“Apart from making education more culturally relevant and more responsive, these rural communities have a heritage that's rich in culture, and rich in knowledge of the natural environment, and that knowledge isn't getting lost anymore,” Nisha imparts.
“This model isn’t perfect but it is inspiring as a means of community led change.”
IN THE CLASSROOM
Understanding the experience of inequality as being created by the intersection of multiple social factors, Nisha draws on feminist, queer and antiracist educational theory to question and challenge what is valued within the education system.
Although the first woman in her family to go to university in India, Nisha acknowledged enjoying relative privilege in her country of origin, due to her education in English. Moving to America to as a multi-ethnic woman of colour who spoke English as an additional language, Nisha had her own experiences of otherness.
“As a woman in the North American academy, a woman from postcolonial India in the West, that was not my world,” she says.
“It was in women's studies' spaces in the US that I found women like me who could bridge these worlds in a way that I could understand - that's what attracted me to intersectional feminism and gender studies.”
Queer theory is particularly effective in challenging the status quo in education, because it constantly questions notions of what is ‘normal’ and the way ‘things have always been done’ and the implications for equitable and just education.
“As an educator, and particularly as a teacher of teachers, it was from feminist and queer pedagogies that my classroom tool box emerged,” Nisha states.
KNOWING WHERE YOUR STUDENTS COME FROM
Nisha confesses that she has been fortunate to be surrounded by colleagues who really care about teaching, and teaching at institutions that really care about students.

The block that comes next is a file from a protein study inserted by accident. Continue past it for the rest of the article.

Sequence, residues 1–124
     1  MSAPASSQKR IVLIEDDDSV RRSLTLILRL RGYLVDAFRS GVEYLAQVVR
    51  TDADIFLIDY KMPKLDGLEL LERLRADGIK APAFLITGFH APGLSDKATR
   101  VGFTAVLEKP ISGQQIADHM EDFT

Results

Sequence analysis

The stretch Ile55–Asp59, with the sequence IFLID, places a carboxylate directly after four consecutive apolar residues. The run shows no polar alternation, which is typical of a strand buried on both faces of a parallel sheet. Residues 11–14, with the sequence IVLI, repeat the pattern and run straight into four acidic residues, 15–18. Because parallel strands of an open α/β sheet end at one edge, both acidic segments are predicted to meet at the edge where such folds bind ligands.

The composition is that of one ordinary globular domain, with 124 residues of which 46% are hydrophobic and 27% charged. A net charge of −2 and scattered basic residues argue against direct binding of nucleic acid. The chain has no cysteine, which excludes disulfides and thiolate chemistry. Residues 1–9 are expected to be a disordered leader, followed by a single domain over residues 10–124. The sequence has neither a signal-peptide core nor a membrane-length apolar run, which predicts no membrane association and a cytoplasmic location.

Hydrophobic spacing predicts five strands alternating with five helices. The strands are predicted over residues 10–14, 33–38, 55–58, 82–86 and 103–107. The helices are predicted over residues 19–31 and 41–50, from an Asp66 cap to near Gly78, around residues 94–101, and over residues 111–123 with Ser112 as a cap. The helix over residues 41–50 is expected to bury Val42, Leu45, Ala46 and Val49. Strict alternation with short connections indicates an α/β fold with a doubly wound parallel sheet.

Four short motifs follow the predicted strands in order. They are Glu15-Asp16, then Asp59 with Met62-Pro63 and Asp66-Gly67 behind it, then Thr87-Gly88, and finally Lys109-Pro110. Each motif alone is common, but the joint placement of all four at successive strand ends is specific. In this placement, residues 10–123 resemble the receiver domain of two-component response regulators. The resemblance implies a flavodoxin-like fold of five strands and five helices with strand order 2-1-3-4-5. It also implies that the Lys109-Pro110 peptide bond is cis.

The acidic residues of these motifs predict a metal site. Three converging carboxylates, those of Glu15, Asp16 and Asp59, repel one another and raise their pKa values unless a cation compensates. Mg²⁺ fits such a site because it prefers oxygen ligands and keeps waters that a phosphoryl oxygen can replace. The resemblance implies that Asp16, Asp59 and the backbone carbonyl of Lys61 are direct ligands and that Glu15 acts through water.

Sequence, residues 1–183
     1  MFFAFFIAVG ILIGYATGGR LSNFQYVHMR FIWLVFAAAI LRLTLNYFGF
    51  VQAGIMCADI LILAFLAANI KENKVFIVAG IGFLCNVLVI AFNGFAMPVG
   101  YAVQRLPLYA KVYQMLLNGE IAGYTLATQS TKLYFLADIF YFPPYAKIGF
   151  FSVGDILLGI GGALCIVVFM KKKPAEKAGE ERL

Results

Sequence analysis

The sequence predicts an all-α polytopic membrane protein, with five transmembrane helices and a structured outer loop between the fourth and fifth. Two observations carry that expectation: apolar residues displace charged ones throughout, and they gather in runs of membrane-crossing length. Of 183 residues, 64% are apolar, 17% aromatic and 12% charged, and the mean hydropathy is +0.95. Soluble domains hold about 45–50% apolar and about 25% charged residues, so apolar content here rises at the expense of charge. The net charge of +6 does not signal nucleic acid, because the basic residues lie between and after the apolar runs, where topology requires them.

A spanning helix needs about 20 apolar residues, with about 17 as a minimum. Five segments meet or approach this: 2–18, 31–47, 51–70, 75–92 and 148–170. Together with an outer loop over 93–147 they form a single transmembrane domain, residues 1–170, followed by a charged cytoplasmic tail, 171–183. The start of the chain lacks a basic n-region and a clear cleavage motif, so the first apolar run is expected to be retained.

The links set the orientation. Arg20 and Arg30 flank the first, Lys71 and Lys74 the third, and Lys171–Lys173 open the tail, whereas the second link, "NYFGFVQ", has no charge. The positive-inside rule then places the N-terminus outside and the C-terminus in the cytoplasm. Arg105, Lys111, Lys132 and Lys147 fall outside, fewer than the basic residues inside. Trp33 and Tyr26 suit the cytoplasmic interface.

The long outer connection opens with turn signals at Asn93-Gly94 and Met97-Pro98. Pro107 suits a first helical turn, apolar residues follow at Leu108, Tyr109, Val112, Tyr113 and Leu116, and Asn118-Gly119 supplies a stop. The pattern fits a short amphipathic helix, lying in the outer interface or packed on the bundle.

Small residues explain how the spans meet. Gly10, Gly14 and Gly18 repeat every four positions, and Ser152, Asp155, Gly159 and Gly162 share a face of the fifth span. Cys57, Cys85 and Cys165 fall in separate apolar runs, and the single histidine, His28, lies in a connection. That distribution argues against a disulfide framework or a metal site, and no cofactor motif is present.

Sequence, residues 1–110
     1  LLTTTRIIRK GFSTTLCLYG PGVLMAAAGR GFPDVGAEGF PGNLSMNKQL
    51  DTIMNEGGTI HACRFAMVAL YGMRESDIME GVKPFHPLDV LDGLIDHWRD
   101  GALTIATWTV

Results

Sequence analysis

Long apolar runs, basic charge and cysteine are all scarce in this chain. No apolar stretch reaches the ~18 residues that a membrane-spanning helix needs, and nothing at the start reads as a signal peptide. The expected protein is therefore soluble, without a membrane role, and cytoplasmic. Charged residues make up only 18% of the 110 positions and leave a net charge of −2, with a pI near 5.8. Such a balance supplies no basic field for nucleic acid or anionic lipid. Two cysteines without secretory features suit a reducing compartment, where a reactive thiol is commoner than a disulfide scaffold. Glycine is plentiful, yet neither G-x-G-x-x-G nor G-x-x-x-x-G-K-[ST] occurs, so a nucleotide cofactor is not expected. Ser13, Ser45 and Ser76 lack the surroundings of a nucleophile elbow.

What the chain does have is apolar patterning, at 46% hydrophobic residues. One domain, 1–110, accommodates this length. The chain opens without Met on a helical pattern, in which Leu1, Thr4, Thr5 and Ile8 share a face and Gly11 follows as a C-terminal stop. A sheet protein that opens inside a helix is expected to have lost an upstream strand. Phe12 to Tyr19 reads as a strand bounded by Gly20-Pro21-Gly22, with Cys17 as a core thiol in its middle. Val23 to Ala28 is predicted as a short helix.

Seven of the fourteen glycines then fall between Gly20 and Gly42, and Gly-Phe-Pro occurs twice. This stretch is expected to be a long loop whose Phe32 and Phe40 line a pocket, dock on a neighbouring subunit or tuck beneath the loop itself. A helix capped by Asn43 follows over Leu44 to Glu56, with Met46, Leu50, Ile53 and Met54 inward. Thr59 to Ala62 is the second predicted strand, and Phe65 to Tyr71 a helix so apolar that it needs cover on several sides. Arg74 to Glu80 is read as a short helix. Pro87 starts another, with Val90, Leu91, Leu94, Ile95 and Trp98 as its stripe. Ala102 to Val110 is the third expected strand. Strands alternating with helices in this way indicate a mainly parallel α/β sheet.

The UON is renowned for training quality educators, ranked in the top 150 universities in the world for education and training. The School of Education is particularly committed to supporting students to overcome barriers to higher education, an endeavor that Nisha is excited to be part of.
Nisha is very aware of the barriers that some of her own students may be facing.
“I always start my class with a survey, so I can get to know my students and their realities before I throw 20 books at them,” she says.
The survey includes questions regarding all aspects of the pre-service teacher’s lives, from favourite food to work commitments.
“The really important questions are about how many hours they work and how many people they are responsible for caring for,” Nisha explains.
“To be a responsive educator, you can’t make any assumptions about what responsibilities people have outside of the classroom that may impact on their ability to perform. I hope my students remember this in their classrooms too,” she says.
For the same reason, Nisha is especially careful to challenge hyper romanticised ideas of rural and remote Australia, where many UON teacher education graduates may find themselves in the near future.
“School communities are not a blank canvas,” Nisha says.
“They are a rich resource with histories, roots, values, meaning, identity, visions, hopes and dreams and a great deal of knowledge to share.”
SEEING THE BIG PICTURE
So how does a global view of education seen through a critical, feminist, and queer lens translate into the practice when teaching UON education students how to teach?
Nisha teaches into all levels of competency in the School of Education, from exploring the philosophical and sociocultural foundations of education with first year pre-service teachers through to supervising Honours and PhD Theses focused on alternative conceptions of education and development.
Her courses are designed to help educators develop a social and historical context for their profession and enhance the ways in which they can contribute to a just society as teachers and global citizens.